New Voices is a student-powered nonpartisan grassroots movement of state-based activists who seek to protect student press freedom with state laws. These laws counteract the impact of the 1988 Hazelwood v. Kuhlmeier Supreme Court decision, which dramatically changed the balance of student press rights. New Voices supporters include advocates in law, education, journalism and civics who want schools and colleges to be more welcoming places for student voices.
In 2020 there is strong momentum, with New Voices volunteers active in more than a dozen states, and bills expected to be filed in many of those. Along with the 14 states that already have New Voices laws, that’s more than half the country.
- The Governor of Colorado signed into law updates to Colorado’s student media law, in place since 1990, to include digital and broadcast media and add protections for student media advisers.
- The Hawaii House overwhelmingly approved New Voices legislation for the first time.
- An Iowa legislative committee approved updating their law, in place since 1989, to include protections for student media advisers.
- Legislation was introduced in Kentucky for the first time.
- The Minnesota House gave preliminary approval HF 1868.
- Two Missouri committees approved HB 2317.
- The Nebraska legislature voted two of three times to approve LB 206.
- The New Jersey Senate unanimously voted to approve S108.
- The Virginia legislature approved HB36, protecting college students and advisers.
For more information or to get involved, contact New Voices Advocacy and Campaign Organizer Hillary Davis at firstname.lastname@example.org. Along with your contact information (including city and state), please indicate if you’re a student, educator or other interested party.
Here are the 14 states with laws that protect the First Amendment rights of student journalists:
- North Dakota
- Oregon (high school) (college)
- Rhode Island
Read the specifics about the laws and regulations here. In addition, there are codes protecting the rights of student journalists in the District of Columbia and Pennsylvania.
During state legislative sessions in 2018, bills were introduced in seven states and passed into law in one (Washington).
New Voices bills made significant strides, with a record number of state bills – 11 – introduced, and two measures adopted in Arkansas to strengthen protections for student journalists.
“The New Voices movement is gaining momentum across the country and this year has seen an unprecedented level of activity,” said Hadar Harris, executive director of the Student Press Law Center. “Eleven states introduced new legislation. Students and advisers in Texas and New York held well organized lobby days. Legislation passed out of committee in Nebraska, New Jersey, and Texas.”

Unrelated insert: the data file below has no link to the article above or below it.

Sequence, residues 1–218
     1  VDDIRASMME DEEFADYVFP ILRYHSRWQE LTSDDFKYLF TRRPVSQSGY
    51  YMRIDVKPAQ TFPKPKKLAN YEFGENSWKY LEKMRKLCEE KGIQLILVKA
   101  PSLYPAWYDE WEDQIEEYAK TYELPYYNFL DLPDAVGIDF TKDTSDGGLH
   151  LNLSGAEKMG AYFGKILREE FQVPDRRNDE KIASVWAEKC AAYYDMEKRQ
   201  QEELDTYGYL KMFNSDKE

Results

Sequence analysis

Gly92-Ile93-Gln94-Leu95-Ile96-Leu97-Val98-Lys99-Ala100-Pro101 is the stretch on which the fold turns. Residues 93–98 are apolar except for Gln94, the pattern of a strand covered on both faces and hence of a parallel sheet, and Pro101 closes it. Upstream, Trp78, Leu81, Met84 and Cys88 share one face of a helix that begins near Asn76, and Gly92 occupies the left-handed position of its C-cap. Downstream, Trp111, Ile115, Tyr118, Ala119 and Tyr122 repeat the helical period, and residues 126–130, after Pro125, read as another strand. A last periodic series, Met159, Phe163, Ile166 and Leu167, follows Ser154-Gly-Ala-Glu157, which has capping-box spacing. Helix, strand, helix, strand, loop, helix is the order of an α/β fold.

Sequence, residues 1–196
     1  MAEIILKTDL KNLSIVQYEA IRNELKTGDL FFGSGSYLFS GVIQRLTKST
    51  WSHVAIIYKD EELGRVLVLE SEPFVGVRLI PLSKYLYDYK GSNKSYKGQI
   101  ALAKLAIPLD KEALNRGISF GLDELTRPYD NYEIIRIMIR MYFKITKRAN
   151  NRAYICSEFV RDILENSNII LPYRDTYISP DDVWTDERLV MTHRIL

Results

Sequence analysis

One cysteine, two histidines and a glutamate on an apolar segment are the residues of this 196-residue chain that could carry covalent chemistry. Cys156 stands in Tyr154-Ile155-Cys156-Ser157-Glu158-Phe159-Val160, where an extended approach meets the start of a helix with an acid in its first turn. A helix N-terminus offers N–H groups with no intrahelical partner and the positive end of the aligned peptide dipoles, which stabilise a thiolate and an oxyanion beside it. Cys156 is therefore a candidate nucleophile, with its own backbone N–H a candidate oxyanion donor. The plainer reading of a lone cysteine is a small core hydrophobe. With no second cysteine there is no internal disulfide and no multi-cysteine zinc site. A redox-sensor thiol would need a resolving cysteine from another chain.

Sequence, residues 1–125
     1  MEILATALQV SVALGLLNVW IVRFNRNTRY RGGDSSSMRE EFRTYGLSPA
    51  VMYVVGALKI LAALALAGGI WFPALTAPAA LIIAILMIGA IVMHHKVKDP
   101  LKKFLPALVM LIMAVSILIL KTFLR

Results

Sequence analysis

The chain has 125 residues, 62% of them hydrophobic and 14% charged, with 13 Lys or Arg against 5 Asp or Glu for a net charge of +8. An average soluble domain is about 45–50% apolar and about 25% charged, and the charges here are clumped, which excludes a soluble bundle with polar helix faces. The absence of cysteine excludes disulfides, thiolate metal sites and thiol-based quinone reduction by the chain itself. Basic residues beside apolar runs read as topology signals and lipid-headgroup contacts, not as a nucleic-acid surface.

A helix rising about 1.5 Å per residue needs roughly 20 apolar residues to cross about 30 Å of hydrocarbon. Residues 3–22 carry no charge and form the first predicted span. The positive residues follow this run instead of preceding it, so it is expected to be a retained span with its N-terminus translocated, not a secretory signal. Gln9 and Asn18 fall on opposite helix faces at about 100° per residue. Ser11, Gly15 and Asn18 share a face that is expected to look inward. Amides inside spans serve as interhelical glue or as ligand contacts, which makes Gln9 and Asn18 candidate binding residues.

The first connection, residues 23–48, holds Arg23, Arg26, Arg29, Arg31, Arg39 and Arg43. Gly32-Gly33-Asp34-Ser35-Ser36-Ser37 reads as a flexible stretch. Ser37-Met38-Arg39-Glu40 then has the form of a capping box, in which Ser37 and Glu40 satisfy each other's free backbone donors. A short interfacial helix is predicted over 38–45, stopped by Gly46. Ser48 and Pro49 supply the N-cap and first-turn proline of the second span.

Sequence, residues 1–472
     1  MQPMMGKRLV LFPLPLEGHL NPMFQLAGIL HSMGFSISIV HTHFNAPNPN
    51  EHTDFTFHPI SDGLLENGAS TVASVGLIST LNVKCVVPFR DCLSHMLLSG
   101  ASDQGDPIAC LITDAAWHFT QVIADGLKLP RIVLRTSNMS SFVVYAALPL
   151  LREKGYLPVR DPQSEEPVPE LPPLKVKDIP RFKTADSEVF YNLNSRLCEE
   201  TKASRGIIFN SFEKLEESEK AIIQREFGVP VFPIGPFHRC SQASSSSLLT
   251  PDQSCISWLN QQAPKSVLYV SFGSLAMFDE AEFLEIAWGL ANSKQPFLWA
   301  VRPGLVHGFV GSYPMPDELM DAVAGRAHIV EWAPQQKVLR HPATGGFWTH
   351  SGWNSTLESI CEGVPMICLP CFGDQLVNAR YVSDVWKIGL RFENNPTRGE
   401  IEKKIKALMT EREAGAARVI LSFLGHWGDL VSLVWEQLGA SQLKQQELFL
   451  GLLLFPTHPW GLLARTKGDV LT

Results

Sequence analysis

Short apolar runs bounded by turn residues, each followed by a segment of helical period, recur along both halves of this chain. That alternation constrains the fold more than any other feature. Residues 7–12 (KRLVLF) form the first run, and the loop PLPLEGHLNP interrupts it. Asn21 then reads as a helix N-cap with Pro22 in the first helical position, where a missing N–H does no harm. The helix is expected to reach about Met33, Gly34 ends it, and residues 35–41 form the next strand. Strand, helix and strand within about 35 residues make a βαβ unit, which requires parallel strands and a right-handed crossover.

“Protections for student journalists were significantly expanded in Arkansas after two bills were adopted during the legislative session. And the legislative season is still not over in New York, New Jersey and Pennsylvania. Hundreds of students and advisers mobilized to create new momentum on the ground that we look forward to building upon in the year to come. We are very excited about the year ahead,” Harris said.
Highlighted states below have their own New Voices pages or websites:
- Arkansas added protections for college journalists and, to improve the 1995 law, passed a language revision to protect all school-sponsored student “media” as opposed to all “publications.”
- Hawaii (Bill died week of Feb. 11 after not being assigned to a committee)
- Nebraska March 25, 2019 update: Nebraska New Voices legislation not likely to pass in 2019, but there is optimism about the future
- New Jersey
- New York
- Virginia In anticipation of the 2020 legislative session, Del. Chris Hurst, D-Blacksburg, introduced HB36 on Nov. 19, 2019
- New Voices Model Bill
- New Voices FAQs
- Distribute this New Voices Flyer
- Who New Voices Protects
- A free press shouldn’t stop at the schoolyard
- New Voices Laws and Statutes
- New Voices In The News
- New Voices Advocates Speak Out
- Endorsements and other resources
- Tinker v. Des Moines (1969), a better standard than Hazelwood School District v. Kuhlmeier (1988)
- Journalism Education Association – Scholastic Press Rights Committee
- 2016 report: College Student Journalism Under Fire
- JEA-SPRC New Voices podcasts
- New Voices Idaho Study: A Survey and Recommendations for Other States
- Constitution Day Lesson Plan